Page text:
Human decisions are susceptible to biases, but establishing causal roles of brain areas has proved to be difficult. Here we studied decision biases in 17 people with unilateral medial prefrontal cortex damage and a rare patient with bilateral ventromedial prefrontal cortex (vmPFC) lesions. Participants learned to choose which of two options was most likely to win, and then bet money on the outcome. Thus, good performance required not only selecting the best option, but also the amount to bet. Healthy people were biased by their previous bet, as well as by the unchosen option's value. Unilateral medial prefrontal lesions reduced these biases, leading to more rational decisions. Bilateral vmPFC lesions resulted in more strategic betting, again with less bias from the previous trial, paradoxically improving performance overall. Together, the results suggest that vmPFC normally imposes contextual biases, which in healthy people may actually be suboptimal in some situations.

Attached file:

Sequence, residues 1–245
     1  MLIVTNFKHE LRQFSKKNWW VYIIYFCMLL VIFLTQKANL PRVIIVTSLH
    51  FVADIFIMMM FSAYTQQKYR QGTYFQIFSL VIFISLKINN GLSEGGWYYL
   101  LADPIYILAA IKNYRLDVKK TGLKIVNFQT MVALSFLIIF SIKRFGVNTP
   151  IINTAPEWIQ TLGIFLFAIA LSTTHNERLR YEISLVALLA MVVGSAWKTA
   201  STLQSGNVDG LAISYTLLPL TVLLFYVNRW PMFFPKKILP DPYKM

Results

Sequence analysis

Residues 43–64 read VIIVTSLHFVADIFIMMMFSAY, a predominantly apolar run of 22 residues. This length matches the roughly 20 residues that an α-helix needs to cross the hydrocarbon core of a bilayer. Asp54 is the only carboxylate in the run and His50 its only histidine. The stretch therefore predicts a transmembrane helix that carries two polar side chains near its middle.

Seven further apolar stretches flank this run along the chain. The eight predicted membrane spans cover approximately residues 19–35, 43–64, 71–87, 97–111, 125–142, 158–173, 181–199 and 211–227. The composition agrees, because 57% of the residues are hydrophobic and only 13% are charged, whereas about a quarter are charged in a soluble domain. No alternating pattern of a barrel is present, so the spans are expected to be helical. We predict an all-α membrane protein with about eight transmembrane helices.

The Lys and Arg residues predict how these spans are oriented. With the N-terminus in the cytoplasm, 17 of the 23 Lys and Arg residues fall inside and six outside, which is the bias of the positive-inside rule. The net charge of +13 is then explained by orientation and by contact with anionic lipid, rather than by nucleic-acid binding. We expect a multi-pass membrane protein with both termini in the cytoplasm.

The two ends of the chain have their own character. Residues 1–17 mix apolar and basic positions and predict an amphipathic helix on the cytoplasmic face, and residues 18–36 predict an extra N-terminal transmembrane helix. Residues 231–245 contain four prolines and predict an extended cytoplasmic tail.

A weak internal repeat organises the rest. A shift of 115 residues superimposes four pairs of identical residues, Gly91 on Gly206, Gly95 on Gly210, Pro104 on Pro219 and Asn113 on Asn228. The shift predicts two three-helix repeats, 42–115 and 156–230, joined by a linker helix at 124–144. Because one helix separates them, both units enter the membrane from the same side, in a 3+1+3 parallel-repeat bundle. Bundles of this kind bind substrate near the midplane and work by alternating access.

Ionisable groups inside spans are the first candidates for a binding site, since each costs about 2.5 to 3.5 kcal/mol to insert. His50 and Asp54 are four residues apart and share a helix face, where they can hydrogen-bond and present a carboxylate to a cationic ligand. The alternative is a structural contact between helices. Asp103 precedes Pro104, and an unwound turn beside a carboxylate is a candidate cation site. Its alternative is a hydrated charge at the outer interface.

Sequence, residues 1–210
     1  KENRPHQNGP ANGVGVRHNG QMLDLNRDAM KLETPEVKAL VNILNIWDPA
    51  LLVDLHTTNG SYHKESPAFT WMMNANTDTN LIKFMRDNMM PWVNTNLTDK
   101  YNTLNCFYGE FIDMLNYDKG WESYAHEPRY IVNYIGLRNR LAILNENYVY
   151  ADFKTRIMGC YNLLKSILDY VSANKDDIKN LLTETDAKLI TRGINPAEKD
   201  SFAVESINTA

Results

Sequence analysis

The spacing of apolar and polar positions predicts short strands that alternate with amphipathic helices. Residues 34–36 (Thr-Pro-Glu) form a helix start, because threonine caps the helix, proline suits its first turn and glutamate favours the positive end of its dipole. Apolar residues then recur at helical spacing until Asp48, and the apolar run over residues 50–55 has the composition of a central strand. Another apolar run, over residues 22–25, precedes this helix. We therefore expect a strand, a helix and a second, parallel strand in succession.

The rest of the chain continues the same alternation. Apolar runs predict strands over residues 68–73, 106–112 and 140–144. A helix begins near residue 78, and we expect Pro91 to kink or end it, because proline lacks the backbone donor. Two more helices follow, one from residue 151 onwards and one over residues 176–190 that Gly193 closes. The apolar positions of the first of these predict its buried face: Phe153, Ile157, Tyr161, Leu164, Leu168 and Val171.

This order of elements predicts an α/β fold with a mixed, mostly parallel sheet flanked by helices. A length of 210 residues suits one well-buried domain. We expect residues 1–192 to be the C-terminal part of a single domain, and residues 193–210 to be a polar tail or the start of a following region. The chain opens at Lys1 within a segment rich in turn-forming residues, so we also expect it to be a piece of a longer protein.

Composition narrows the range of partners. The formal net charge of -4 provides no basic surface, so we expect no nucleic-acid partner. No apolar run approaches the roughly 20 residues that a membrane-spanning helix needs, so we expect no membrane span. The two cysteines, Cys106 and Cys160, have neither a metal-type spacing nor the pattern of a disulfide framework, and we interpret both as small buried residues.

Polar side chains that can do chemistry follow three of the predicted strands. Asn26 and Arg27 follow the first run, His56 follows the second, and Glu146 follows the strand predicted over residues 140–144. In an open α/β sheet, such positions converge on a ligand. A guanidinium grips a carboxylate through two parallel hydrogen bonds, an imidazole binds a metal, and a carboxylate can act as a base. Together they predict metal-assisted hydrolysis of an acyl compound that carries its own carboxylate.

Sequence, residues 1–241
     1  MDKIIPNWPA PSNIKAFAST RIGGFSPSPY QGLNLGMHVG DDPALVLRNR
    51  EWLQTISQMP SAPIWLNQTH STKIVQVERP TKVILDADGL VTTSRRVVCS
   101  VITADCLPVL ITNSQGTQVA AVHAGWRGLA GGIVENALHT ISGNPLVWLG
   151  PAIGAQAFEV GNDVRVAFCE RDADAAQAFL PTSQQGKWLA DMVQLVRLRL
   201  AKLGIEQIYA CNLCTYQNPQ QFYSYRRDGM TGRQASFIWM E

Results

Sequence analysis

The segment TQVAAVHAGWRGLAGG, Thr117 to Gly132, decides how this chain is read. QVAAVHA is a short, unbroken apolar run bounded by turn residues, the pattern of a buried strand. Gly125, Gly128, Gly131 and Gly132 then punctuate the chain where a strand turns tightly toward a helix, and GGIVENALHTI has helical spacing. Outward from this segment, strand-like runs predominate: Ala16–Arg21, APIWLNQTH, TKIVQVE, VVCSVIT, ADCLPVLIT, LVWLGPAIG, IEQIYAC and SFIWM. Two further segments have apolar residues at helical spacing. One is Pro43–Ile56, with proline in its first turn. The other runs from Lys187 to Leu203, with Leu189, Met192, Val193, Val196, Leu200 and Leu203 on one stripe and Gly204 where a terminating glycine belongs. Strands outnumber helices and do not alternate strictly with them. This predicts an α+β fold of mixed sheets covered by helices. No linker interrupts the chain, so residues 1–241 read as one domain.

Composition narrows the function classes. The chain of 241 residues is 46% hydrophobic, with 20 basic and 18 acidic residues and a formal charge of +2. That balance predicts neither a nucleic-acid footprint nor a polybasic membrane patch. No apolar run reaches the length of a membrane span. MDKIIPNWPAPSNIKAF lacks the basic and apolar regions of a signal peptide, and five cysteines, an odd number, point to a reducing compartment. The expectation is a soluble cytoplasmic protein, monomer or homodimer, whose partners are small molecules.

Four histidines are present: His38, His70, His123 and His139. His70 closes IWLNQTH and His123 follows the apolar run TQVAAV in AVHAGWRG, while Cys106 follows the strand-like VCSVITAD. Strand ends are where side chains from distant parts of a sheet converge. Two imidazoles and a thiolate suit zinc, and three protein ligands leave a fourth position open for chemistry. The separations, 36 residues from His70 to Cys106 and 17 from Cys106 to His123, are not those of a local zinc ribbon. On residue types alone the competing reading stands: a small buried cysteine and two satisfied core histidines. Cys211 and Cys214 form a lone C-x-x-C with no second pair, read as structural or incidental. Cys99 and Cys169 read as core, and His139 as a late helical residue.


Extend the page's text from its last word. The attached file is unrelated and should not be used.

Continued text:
|Journal||Cortex; a journal devoted to the study of the nervous system and behavior|
|Early online date||11 Feb 2021|
|Publication status||Published - May 2021|